Violent Video Games as a Learning Tool




Xbox 360 Controller

Video games have come a long way from the early days of Pong and Pac-man. Today’s games are sophisticated media that blur the line between fiction and reality. One of the most heated debates surrounding video games, and, especially, their playing by young kids and adolescents, is the explicit violence present in many action-oriented games. While many parents, educators and psychology experts worry about the amount of violence that pervades society, new research is leading gaming experts to claim that video games, even violent ones, are actually useful learning tools.

Recently, Games for Learning, a symposium on the use of video games in education, brought together researchers and gaming experts to discuss current trends and research in educational software. Among the presentations was research that found that individuals who played action-oriented video and computer games had improved visual resolution (the ability to see details amid visual clutter) and improved visual contrast sensitivity compared to non-game-playing individuals. There is also evidence to suggest that game-players learn how to allocate resources and adapt to new situations through the scenarios presented in the games. Researchers believe that these benefits of video games can be used to treat amblyopia, or lazy eye, in children, as well as aid in rehabilitation, decrease cognitive aging, improve math skills, and train professionals like surgeons, pilots and military personnel.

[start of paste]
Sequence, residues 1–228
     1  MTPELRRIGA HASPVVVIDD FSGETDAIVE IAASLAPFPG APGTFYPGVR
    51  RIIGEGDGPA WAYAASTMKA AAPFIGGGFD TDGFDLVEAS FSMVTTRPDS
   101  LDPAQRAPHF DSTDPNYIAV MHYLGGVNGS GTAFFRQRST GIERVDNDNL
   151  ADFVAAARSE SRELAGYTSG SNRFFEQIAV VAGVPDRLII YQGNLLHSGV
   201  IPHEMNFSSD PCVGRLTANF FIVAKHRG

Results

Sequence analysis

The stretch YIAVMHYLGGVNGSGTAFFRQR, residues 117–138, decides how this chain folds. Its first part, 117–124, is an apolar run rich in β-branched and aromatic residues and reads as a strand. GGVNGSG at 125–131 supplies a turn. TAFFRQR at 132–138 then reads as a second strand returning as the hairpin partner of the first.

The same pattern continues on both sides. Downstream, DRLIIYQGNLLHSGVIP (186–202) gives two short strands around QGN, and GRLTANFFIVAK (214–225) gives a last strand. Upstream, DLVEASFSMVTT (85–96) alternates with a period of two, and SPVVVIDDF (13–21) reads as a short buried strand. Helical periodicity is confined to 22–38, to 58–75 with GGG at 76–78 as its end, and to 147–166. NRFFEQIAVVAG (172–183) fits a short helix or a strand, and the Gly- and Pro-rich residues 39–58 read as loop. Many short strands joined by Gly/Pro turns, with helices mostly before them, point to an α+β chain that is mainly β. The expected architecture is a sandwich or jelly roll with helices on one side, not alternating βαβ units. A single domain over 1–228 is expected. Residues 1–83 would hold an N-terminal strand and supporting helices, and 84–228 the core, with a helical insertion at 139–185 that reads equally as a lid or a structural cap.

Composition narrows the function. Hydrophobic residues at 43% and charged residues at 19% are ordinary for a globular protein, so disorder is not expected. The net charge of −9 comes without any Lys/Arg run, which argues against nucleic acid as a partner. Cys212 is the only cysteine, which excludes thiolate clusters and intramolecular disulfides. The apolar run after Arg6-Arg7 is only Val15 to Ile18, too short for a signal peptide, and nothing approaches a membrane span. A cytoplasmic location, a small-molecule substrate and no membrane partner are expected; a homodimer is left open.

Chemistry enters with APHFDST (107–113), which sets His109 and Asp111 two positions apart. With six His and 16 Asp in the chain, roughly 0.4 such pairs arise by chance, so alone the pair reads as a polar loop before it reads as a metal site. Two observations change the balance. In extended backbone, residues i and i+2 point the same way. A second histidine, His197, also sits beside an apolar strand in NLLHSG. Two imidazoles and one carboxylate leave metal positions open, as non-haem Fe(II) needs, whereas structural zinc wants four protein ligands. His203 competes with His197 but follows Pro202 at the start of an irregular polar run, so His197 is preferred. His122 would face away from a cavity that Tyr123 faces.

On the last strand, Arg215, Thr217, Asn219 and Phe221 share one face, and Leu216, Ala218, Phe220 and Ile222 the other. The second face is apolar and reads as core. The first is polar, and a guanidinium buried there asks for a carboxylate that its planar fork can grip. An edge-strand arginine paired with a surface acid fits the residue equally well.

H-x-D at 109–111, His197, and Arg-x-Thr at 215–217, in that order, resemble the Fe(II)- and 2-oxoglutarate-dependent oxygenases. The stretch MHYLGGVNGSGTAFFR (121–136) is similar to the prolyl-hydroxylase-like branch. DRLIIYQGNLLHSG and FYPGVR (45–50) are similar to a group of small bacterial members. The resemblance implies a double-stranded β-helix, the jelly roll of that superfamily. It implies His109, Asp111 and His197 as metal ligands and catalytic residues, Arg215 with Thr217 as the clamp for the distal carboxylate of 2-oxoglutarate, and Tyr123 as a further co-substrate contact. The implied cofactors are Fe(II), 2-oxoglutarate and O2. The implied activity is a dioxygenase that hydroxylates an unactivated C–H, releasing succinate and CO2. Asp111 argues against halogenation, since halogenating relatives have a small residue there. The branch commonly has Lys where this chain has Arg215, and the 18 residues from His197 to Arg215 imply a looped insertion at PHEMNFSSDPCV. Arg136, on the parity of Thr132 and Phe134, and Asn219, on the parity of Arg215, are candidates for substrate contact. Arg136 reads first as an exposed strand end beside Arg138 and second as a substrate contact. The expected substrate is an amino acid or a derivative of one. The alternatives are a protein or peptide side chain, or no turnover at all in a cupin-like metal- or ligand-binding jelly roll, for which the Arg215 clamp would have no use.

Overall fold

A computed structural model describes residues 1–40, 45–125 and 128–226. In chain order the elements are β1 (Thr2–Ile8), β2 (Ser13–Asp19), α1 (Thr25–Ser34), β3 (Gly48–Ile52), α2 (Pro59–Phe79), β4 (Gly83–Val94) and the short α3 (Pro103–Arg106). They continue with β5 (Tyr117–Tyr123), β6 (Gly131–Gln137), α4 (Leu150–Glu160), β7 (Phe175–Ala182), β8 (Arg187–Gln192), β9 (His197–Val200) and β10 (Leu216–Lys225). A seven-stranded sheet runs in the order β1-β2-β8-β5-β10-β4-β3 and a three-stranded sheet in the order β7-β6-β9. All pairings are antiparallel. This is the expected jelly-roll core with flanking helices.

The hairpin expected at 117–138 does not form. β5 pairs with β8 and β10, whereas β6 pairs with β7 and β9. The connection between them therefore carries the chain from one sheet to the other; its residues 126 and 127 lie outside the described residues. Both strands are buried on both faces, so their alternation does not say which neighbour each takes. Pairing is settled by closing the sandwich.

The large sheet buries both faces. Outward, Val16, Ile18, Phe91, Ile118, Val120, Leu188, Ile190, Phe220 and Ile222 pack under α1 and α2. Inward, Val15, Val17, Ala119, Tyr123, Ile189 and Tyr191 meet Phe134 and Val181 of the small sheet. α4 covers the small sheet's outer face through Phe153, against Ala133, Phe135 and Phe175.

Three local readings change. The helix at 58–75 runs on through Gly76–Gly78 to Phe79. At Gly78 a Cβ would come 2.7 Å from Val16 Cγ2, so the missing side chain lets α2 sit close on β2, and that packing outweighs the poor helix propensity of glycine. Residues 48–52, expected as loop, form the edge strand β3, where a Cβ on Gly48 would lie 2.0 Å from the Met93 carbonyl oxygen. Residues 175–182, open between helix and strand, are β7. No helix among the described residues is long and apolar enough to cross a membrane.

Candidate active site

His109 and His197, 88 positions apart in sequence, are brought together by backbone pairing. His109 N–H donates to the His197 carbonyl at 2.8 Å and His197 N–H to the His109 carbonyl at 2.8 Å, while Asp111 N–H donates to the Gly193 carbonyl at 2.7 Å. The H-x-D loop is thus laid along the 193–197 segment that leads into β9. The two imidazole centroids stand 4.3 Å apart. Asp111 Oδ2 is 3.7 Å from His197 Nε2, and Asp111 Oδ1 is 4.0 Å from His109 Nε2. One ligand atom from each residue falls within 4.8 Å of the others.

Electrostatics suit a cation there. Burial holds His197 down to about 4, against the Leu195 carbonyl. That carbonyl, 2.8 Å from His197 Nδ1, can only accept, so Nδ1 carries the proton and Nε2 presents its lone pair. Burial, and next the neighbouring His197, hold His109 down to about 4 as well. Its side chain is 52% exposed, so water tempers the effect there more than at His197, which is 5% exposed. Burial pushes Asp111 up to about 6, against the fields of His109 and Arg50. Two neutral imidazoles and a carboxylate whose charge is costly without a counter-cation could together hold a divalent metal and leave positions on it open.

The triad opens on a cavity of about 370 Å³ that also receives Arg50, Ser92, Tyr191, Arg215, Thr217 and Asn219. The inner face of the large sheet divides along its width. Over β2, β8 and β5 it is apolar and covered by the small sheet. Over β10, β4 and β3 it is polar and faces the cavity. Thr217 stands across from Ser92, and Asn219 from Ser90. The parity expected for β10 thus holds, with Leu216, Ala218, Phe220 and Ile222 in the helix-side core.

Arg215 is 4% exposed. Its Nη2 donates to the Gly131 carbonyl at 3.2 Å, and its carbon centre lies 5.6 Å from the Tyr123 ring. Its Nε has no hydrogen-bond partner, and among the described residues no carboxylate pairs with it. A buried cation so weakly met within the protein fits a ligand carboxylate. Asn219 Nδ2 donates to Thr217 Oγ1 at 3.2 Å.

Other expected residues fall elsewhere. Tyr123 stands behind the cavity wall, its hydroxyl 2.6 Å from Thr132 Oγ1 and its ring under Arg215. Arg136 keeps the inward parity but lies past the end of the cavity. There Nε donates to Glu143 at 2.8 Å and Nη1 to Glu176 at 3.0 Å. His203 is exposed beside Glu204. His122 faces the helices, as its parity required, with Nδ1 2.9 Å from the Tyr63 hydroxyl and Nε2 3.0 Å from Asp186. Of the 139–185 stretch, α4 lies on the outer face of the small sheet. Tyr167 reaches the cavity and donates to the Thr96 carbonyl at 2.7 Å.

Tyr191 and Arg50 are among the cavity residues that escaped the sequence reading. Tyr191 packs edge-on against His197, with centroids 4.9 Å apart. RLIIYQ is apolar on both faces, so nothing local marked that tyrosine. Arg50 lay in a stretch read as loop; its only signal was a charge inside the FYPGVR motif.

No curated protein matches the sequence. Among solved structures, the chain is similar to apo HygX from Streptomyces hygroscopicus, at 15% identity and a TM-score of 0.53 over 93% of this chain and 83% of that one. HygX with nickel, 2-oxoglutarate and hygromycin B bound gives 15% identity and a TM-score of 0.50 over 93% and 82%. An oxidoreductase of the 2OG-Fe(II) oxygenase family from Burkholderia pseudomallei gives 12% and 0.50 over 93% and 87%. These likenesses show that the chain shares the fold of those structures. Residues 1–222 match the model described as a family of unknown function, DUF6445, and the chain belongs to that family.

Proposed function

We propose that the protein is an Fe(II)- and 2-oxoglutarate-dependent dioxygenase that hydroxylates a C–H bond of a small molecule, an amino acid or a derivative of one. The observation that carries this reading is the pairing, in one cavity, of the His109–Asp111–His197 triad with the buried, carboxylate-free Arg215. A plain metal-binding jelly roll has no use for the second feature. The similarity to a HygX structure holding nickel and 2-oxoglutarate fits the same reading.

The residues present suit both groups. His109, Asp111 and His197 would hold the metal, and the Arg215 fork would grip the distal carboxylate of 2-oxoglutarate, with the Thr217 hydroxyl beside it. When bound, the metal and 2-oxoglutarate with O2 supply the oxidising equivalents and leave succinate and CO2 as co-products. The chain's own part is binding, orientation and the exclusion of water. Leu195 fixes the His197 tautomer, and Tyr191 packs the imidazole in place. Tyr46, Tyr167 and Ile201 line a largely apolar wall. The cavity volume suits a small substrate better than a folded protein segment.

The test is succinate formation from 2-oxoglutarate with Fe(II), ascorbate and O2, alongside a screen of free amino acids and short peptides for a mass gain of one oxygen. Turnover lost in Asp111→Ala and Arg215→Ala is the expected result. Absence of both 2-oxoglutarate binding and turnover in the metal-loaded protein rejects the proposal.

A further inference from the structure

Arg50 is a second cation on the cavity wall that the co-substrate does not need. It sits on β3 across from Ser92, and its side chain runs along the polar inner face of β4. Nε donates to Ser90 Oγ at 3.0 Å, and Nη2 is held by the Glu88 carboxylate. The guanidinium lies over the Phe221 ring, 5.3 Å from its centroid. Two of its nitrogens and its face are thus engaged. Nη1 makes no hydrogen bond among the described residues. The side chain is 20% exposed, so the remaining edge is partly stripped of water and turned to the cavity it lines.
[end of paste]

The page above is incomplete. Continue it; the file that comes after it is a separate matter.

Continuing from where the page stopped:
The games upon which the current research was based included violent, first-person shooter games. The kill-or-be-killed situations might very well improve hand-eye coordination, attention span or multisensory processing, but that does not make the violence less controversial.  A multitude of research and meta-analyses report that exposure to violent video games increases aggressive behavior, aggressive thoughts, and aggressive affect. Further, violence in video games decreases empathy and prosocial thoughts and behavior. Video games also lead to poor mental health among some gamers, and academic problems.